The Happy Knife, Part 1
In this segment we are going to discuss the steel. We will stick to the basic version on this article. We will cover different styles of sharpening devices later on.
You all have seen them on the cooking shows and they are priceless when used correctly. With the knife you have purchased, the typical steel will work fine however many of these Japanese knives (very high-end) or more modern knives have been forged in a different way and will not respond to the steel the same way. When steel is forged it hardens the steel and the gauge or term used to measure the hardness of the steel is Rockwell Value. The average knife has a Rockwell Value of 56 to 59, while the higher end knives typically have a Rockwell Value of 65. The average home or professional steel has a Rockwell value of 57 to 63 typically. This means that the higher end knives are actually harder than the steel and will not be affected by the aligning process. You will need to have the proper steel to use with that knife. Keep in mind these higher end knives I mention are anywhere from 600-1000 for a single knife. I don’t think, I will ever justify that in my knife collection. (Chris’s comment, not Kathy’s.)
Every time you use your knife, you should first use your steel. Note that I did not say “sharpening steel”, because that is really a misnomer. A steel doesn’t sharpen, it re-aligns the knife. When your knife is dull, the edge of the blades teeth or “hairs” have gotten out of alignment or curled over. This causes the knife to have difficulty cutting through the food.
Using a steel actually re-aligns the edge of a knife.
To use the steel properly, make sure that you are using the correct angle of the knife to the steel. Too much and you flatten the edge not enough you are just dragging the side of the blade on the steel causing scratches on the side.
Below I am not holding the knife correctly so that you can see the angles. Always hold your knife with care.
Also you don’t have to bear down on the blade. Little to no pressure is needed against the steel. You are simply
straightening microscopic hairs on the edge. When you apply too much pressure you are actually rolling the hairs to the other side and then switch to the other side and flatten them or roll them right back.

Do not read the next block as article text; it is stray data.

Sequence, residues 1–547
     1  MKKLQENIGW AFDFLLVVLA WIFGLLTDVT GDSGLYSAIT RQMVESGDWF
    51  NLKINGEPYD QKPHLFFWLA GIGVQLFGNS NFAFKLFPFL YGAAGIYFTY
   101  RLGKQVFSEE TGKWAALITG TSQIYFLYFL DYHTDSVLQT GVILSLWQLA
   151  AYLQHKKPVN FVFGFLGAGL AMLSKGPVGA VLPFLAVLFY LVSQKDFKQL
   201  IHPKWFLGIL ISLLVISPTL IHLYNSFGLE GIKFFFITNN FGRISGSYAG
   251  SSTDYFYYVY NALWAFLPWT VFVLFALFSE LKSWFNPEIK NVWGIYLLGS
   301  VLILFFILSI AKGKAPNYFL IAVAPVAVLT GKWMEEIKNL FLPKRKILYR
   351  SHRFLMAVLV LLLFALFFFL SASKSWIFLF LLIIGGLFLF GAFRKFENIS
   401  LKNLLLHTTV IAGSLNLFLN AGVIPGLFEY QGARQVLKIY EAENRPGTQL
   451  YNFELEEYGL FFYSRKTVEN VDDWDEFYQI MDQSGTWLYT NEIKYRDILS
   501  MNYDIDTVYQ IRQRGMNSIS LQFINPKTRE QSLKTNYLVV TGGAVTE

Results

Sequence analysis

There are many views on how to align the knife from this point.
I have seen people face the blade edge downward toward their hand drawing from the base of the knife to the tip in a smooth motion like cutting something alternating from side to side.
I have also seen where you pull the blade upward stroking the blade from base to tip alternating side to side.
Then finally there is the option of placing the point of the steel on a cutting board and use a downward stroke to protect yourself from any cuts or mishaps.
I have never seen conclusive evidence as to the proper method. I prefer using the method of pulling the blade toward the base of the steel and using a cutting motion from the Bolster to the Tip of the blade.
In any way, if you control the blade and are paying attention, you should be fine. I may someday perform a test on what works better. If someone out there has done this please post a comment so we can provide quality information here. What I can say is I have never seen using the steel with the sharp edge facing out works or if actually dulls it even further. I may be wrong but the results I have had are negative.
After you have passed the knife over the steel a few times you can then clean it. You want to use a clean paper towel or bar towel to wipe the sides of the blades as you have actually created small amounts of steel dust.
There will come a time when the steel will not work. The blade has dulled just too much. At that point, I would suggest taking your knives to an expert to have them professionally sharpened. They carefully grind a small bit of the metal off of the blade bringing it back to a sharp edge.
If you follow these simple steps, you will find that prep work or carving will speed up and also the final product will have nice clean edges for the presentation at the table. A dull knife you need to use more effort and there is more of a chance to get hurt.
Chris & Kathy